one of those was "case con"which gave itself,eventually the strap-line of"the magazine for revolutionaries in social work".whilst critical of "professional practices in social work"and advocative of change,it quickly developed the view that such changes could at best become "best practice"and were essentially reforms,rather than funadamentally radical,let alone revolutionary in challenging the basics of a welfare state in a then liberal democracy.i became involved in that publiucation in the mid 1970s whilst training to be aprofessional social worker.inevitably a primary focus for me was as a student,organising for a tiem successfully organisations for social work students which then became a section of the nus/national union of students.at the wider level,i supported the perspective developed by "case con"which argued that the key focus of organisation for change was to join trades unions and to campaign within them.with the growth of self confidence amonsgt social workers,increased trades union membership and the development of strong and militant rank and file organisations,which might be the focus of another posting another time,"case con"fell victim to its own success and made a decision to close,encouraging members,supporters and readers to organise as i have indicated.
however,just before doing so,we alongside other groups of activists published a"call"for a publication and possibly an organisation that linked struggles across the welfare state/public sector,and to argue that in what were becoming increasingly defensive struggles and campaigns against cuts,for a perspective that placed centre stage the unity of workers across the welfare state and beyond and for positions which argued for defending public services that were defensible.that is services that would serve the working class and present essentially a socialist perspective.
that would have been "public con"or hopefully would have had a better mor appropraute name than this working title.that was the early 1980s and the project never came to life as in fact the wealth of indpenedent organising and publishing enterprises shrank at least partly in the face of the onslaught on the working class and public services by thatcherism.
this did not silence radicals or revolutionaries who despite defeats continued to work in unions and in whatever social spaces they were able.i a,m aware for example that some people previously engaged with £case con"went on to write in csp/critical social policy,although that eventually became an increasingly academic journal and ceased to be published by its collective,independently.
i dont know about others but over the last several years,if not longer the accumulated change in the reverse and negative direction,and i would suggest some break in the continuity of socialist thinking within what is left of the now very different welfare state,begs a lot of questions,especially as that welfare state now shares the crisis of the rest of capitalism.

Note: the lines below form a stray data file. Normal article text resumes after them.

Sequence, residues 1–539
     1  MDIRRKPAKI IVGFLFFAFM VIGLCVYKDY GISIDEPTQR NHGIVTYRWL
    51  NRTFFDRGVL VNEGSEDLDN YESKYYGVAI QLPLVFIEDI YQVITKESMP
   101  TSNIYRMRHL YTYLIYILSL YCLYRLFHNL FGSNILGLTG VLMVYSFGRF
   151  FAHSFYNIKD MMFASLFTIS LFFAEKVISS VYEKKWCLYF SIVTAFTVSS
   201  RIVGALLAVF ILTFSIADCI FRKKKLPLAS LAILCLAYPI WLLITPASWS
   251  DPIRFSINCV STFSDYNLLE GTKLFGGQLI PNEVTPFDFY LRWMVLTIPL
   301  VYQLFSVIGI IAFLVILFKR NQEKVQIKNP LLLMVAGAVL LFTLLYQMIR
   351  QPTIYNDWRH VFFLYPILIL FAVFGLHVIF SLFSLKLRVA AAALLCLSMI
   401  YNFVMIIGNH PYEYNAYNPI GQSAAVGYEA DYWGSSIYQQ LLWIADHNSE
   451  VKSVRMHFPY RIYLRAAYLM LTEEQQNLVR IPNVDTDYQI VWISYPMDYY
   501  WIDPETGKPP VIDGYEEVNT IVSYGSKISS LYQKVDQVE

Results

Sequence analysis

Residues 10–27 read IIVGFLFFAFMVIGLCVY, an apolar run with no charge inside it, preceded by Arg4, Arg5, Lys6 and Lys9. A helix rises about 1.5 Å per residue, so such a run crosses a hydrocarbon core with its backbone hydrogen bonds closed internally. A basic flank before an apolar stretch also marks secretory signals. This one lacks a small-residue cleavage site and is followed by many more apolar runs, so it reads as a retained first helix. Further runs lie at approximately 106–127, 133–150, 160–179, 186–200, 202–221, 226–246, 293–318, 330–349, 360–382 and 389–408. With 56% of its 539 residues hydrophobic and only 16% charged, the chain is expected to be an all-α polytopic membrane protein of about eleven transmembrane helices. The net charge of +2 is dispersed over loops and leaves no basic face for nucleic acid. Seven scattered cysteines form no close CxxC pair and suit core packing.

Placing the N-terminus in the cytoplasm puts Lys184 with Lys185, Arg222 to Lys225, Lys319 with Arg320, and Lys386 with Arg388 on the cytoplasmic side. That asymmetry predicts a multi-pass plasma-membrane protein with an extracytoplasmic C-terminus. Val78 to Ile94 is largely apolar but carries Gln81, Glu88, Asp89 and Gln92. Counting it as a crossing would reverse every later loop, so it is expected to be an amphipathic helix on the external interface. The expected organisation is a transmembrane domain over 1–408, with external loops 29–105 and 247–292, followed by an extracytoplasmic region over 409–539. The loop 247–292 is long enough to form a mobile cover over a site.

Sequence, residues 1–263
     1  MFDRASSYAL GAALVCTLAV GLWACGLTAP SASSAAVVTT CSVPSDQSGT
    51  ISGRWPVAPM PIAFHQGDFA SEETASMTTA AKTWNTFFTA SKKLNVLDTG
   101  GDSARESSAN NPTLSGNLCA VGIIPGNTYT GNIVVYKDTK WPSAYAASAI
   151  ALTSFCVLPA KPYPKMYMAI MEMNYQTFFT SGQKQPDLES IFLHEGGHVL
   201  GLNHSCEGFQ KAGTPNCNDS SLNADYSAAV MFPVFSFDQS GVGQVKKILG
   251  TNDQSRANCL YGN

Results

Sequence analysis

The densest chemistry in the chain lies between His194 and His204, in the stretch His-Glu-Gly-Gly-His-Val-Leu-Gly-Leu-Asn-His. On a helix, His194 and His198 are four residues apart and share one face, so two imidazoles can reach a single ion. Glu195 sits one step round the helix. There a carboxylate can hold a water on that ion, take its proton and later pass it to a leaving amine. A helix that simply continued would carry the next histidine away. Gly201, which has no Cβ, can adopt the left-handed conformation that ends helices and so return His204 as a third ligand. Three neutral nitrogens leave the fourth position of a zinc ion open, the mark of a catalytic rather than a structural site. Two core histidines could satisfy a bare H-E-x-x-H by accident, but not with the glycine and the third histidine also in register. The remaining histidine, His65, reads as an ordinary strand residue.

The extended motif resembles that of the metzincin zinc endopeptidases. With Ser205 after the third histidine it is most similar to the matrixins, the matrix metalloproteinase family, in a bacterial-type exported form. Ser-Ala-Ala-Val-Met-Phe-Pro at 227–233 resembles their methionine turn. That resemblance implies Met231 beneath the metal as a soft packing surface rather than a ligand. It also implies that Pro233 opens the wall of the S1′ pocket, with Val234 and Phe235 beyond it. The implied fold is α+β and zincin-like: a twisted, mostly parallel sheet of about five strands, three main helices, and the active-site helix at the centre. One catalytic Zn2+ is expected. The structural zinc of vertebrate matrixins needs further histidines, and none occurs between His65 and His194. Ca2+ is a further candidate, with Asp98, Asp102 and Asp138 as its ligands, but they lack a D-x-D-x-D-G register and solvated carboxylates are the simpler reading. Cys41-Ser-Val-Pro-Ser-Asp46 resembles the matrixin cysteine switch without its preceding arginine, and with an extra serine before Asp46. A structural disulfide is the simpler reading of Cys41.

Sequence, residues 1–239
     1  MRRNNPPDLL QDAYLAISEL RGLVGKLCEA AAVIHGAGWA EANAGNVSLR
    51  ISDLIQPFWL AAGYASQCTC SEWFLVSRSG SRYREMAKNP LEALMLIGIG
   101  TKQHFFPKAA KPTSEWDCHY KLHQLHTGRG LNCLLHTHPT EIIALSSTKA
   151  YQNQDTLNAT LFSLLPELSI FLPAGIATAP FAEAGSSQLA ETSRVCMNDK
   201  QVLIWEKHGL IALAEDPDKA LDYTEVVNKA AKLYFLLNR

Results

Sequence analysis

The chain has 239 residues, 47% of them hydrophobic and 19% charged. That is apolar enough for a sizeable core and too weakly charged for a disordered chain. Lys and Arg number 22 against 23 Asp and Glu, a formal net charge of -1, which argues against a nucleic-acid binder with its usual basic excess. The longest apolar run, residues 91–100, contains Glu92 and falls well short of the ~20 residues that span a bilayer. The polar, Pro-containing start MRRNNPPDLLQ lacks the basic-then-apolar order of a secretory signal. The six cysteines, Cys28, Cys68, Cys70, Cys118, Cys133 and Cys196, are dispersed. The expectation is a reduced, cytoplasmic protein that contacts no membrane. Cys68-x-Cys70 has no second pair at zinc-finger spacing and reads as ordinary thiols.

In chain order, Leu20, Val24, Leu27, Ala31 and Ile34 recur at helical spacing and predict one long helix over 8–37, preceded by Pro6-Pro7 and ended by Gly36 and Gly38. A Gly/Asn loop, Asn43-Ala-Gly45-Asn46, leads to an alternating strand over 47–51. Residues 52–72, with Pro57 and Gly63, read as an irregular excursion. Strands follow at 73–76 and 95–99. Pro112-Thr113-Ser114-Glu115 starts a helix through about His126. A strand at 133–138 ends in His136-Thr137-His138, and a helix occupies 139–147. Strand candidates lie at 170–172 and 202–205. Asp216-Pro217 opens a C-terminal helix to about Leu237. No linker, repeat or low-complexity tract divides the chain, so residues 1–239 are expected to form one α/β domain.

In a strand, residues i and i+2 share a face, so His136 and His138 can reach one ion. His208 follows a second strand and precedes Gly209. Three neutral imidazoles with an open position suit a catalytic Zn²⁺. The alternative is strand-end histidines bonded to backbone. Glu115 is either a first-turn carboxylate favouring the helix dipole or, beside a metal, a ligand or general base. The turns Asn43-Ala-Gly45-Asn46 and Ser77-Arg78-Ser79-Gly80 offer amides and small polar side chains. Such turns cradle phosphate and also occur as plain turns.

i am aware that in the last month,reports on or the nedw deaths of children,raises some fundamental questions afresh.childrens safety is being placed below the impact of public sector cuts.a major private sector agency responsible for 726 care home sfor 31,000 vulnerable elderly people is now in adminisration,and finally the abuse of people with learning difficulties in a private hospital has come to the attention of the media and the public is a fair indication of the crisis in the public sector/welfare state that is not simply reducible to money.
it seems to me that this makes it a matter of urgency to organise using the advantages the internet offers to again consider what public servivces do we want and what should they look like.whilst we cannot blueprint for the future,we can articulate what services we want and what we want them to look like now,and to consider how they should be organised and both who by and for whom?
given their class the capitalist class are clearly failing and in crisis,we cannot do any worse.to leave the thinking and campaigning for what we want now is to abdicate responsibilty.the future is determined by what we do now.thinking about it,articulating it,is a start.i do not claim that socialism alone will solve problems like child abuse and neglect nor sex crimes nor the abuse of women.but again soocialism woujld give us a foothold in our own destiny in which we need to come to grips with what appears currently intractable and in which it is undeniably the case that money,and profit comes before peoples welfare,safety and lives.
we cannot delay.just as we cannot wait for socialism "until this pub closes"so we cannot wait for socialism before tackling the destruction of women,childrens and indeed mens lives.
we all have a right to a quality of life now,nor in some arcane and utopian future.it does not require a vanguardist party but it does require socialists to be in the vanguard at making the better life and the better world we have to win.
to that end i would again welcome to herar from others in the construction of such a project.